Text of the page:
Holly Roesing admits she doesn't know how to say no. But that's just how her heart ticks.
On top of her duties in the computer lab with first through fifth graders, she is the IT troubleshoot go-to for the entire Lakewood Elementary building, plus she acts as event photographer, produces the school yearbook, organizes faculty social functions and even dons the suffocatingly hot bobcat mascot costume for spirit events from time to time.
After school, Roesing has captained the winning dragonboat team for the school, has coached her teenage daughter in softball since age 9 and plays on the faculty co-ed softball team, leads youth group at Beach Church and is involved with the teen ministry, Ground Zero.
But that's just a brief overview of Roesing's involvement ...
Q: Tell me more about how you open up your home for teenagers.
A: Well, it's completely church-based. I've been involved in youth group for a couple years. It all began with my 8th and 10th grade daughters and me wanting my children to be in an environment that was supervised in a Christian home. We live close to the beach, so we made our home the home base. It evolved into eight to 10 children and more - kids from different walks of life, with some looking to make a change in life. Then it skyrocketed to 25 kids in my house over the weekend. I probably spent $2,500 this summer on my grocery bill! Since they've been coming here, some adults don't even recognize the kids because they've changed so much. I try to teach them life skills. They run a Bible study and we have family dinners with like 20 chairs around the table. These are kids that don't get family dinners. I now consider them all my children. I love fulfilling my job at Lakewood, but to be able to carry that into my life is great. I will drive all over creation for these kids in my Durango.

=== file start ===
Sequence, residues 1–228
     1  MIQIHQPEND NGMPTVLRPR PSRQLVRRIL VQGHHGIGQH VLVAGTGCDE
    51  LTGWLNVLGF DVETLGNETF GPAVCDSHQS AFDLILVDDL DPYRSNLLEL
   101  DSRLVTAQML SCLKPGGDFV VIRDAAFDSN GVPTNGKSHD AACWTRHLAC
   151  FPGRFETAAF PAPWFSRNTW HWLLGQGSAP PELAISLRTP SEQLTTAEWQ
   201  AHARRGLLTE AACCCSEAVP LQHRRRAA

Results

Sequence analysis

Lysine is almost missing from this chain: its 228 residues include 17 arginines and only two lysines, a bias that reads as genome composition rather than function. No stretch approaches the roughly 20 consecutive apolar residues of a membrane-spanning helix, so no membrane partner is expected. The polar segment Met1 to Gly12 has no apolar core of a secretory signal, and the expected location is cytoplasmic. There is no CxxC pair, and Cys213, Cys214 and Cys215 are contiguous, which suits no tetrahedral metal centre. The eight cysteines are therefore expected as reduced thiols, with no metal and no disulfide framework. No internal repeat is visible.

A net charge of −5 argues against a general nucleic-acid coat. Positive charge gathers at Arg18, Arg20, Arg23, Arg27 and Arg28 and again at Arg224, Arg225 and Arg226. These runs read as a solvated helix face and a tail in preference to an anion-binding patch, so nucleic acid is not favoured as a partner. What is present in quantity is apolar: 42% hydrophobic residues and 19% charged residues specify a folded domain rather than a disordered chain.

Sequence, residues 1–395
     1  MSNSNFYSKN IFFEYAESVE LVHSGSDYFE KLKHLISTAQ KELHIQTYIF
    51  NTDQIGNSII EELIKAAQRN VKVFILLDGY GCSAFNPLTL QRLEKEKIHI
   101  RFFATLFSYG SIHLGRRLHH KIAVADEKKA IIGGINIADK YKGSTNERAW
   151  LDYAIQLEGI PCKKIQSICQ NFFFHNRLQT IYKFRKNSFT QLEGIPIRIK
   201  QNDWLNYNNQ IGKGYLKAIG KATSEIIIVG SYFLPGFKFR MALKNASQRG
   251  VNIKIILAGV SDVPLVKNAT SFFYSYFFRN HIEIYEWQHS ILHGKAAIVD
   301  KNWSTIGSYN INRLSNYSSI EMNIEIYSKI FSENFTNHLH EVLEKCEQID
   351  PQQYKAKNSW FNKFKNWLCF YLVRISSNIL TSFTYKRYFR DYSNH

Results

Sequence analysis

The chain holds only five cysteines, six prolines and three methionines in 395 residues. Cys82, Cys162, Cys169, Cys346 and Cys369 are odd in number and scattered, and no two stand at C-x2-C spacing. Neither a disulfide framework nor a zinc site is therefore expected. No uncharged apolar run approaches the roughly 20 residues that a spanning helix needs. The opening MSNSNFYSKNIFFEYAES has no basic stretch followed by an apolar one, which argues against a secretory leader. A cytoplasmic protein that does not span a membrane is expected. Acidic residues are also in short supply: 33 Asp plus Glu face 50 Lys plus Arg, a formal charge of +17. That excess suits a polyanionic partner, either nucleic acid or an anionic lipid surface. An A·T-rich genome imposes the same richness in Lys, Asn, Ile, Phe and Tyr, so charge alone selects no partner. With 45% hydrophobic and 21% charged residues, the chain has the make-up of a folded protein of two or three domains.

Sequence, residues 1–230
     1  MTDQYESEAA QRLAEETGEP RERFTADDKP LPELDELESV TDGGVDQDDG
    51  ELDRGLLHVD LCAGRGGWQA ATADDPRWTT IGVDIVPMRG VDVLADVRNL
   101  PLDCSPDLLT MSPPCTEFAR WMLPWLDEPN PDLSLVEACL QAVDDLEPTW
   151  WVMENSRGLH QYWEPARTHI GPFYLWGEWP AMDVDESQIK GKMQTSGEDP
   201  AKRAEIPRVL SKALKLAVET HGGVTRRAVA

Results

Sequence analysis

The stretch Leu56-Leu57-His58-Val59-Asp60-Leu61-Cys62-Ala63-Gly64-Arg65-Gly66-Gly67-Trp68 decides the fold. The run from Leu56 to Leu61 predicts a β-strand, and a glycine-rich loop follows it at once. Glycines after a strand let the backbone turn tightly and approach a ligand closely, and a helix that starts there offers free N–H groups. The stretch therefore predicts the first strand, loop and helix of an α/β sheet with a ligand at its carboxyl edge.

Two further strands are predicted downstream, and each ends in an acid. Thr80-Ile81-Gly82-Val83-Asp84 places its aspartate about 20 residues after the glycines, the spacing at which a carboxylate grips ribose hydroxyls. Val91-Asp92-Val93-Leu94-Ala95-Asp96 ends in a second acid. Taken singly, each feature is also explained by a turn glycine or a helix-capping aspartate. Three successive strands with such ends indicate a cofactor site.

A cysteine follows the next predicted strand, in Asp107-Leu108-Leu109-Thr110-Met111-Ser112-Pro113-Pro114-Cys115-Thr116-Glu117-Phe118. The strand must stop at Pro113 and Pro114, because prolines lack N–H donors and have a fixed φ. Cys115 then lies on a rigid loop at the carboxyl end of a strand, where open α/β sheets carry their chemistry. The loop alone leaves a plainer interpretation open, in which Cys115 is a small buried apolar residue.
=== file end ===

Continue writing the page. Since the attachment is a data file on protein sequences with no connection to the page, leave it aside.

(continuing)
Q: If it's even possible for you to pack anything else into your schedule, are there any other future projects you're working on?
A: I'm on the school's social committee right now, too, so I coordinate the holiday parties. I'm all about keeping the spirit alive here. You can go through your daily ritual and it gets stale, so I come up with themes. I'm working on the Christmas party right now. I really want as many people as possible to come. Last year, I organized the school's 50th anniversary party and I probably worked nonstop, which almost took my health. That event had me put on a heart monitor. I don't know how to say no. My heart is definitely huge.
Q: What do you want to show your daughters through what you do?
A: I love showing God's love. I always say, "Serenity now." You can learn from things, but don't wallow in them. My husband and I don't fight; we have our moments, but we're mostly easygoing and laidback and we try to show them that.
Q: What does it mean, in your own words, to be an exceptional woman?
A: I think this is just me doing life.
Q: What would we find you doing if you have any "me" time left in the day?
A: If it's me time, it would be shopping around HomeGoods - not even shopping for clothes, but things for ideas to redecorate the house. And doing laundry at midnight is not such a bad thing. It's peaceful. No one's talking.